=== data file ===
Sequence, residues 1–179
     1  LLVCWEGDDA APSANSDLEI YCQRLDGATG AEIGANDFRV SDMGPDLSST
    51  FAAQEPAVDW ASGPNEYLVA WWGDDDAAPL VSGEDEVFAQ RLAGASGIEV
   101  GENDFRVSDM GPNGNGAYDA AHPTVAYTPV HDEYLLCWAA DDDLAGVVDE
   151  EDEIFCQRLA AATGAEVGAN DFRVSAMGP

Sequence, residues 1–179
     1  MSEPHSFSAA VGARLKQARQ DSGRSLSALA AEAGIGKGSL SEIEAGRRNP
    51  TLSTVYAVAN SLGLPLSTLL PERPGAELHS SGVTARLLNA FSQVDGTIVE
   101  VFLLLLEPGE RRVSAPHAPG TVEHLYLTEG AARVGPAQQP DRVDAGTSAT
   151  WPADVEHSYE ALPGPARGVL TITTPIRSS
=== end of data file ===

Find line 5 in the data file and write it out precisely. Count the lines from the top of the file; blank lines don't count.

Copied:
   151  EDEIFCQRLA AATGAEVGAN DFRVSAMGP